Spread Some Mulch
Mulch adds instant polish to any flower bed, no matter how small or sparsely planted it may be. Along with looking nice, it also offers protection to your plants by locking in hydration and helping to fight weeds. Sometimes, you can find mulch for free in the form of wood chips or even organic yard waste like grass clippings. Even purchasing mulch isn’t a large expense, however. Pine straw is typically quite inexpensive, and even buying wood mulch for an average-sized garden of around 500 square feet should cost less than $200.
Build a Walkway
Walkways add style and protection to your yard. They naturally draw the eyes to features of your yard you want people to see and enjoy, entice people to move around the yard, and protect your grass and flowers from people walking on them. While asphalt, brick, and some stone walkways could cost a lot of money, this is a place where being willing to do some low-skill but labor-intensive DIY will save you a bundle and make a huge impact on your space. Stepping stones can be purchased for as little as a buck each at big-box hardware stores, and they only require you to lay them along your desired path. Planting along the edges will give the walkway a polished look.
Consider Window Boxes
Window boxes add immediate style and appeal to both the landscaping and architecture of your home. They can draw attention to your windows and add some color to the front of your home. Much like shutters, it’s important to get window boxes that are the correct size for your windows and your home. It’s easy to build window boxes, but most home improvement stores also carry affordable boxes ready for installation. Another nice benefit to hanging window boxes and filling them with your favorite flowers is that you’ll be able to easily enjoy the view of the flowers from inside your home.
Get Creative With Landscaping at an Apartment
Living in an apartment doesn’t mean that you are condemned to a life without flowers. If your apartment offers any outdoor space, like a balcony or even a small area by the front door, you can maximize it by putting out potted plants and even going vertical. Vertical planters take up very little wall space but allow you to maximize the number of plants you can have. It’s possible to DIY a vertical garden that suits your space perfectly. Of course, it’s important to check your lease or homeowner’s agreement to make sure that your gardening doesn’t break any rules. For those in apartments without outdoor space, it’s possible to start a garden in your windowsills that will still give your apartment a little curb appeal and increase your own enjoyment of the space.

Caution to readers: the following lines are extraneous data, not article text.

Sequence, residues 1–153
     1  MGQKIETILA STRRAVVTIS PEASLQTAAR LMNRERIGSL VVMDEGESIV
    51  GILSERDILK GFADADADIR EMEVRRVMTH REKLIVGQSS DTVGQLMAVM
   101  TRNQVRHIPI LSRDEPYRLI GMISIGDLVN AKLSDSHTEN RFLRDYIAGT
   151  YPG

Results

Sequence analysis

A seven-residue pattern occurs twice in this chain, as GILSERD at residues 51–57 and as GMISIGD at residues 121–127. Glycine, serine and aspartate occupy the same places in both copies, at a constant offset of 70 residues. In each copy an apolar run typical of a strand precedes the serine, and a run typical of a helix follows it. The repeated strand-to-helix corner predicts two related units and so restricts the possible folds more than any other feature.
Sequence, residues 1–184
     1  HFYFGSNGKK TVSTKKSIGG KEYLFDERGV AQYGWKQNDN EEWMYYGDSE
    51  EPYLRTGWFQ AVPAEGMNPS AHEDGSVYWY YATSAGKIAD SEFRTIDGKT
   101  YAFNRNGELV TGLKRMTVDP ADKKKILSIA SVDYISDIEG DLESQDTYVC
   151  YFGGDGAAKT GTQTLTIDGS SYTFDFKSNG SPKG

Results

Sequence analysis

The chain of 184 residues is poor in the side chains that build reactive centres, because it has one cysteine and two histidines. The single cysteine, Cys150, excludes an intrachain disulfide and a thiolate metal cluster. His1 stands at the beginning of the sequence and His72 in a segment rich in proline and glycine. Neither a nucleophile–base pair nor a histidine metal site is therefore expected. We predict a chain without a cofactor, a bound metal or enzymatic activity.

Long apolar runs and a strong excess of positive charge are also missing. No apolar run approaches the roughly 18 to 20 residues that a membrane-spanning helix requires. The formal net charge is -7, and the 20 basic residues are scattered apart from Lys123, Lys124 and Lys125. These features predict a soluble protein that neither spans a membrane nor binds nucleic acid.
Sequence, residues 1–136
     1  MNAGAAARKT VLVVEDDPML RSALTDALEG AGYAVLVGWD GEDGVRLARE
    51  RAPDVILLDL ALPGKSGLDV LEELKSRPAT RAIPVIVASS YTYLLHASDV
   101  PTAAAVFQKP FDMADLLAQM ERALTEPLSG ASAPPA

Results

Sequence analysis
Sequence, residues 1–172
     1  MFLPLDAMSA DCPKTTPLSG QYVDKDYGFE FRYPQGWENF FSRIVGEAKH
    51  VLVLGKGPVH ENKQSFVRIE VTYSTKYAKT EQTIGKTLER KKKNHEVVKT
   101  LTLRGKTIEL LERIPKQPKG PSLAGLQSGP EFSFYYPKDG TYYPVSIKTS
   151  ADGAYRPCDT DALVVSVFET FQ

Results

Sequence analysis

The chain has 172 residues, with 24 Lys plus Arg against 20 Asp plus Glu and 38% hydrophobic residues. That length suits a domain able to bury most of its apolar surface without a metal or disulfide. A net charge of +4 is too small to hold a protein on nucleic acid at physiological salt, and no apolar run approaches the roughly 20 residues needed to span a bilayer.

Consider Portability When Landscaping as a Renter
If you rent your home, that shouldn’t stop you from landscaping the space to maximize your own enjoyment of it. Here, the frugal trick is going to be to invest in things you can take with you when you move out. First, check the lease and talk to the property owner if you need to to make sure that everyone is one the same page. Then, start thinking about plants and landscaping pieces you can buy now and take with you later. It’s probably not a good idea to install a porch swing on a house you don’t own but a fine idea to pick up some second-hand outdoor rockers. And container gardens allow you to plant annuals and perennials and take them with you.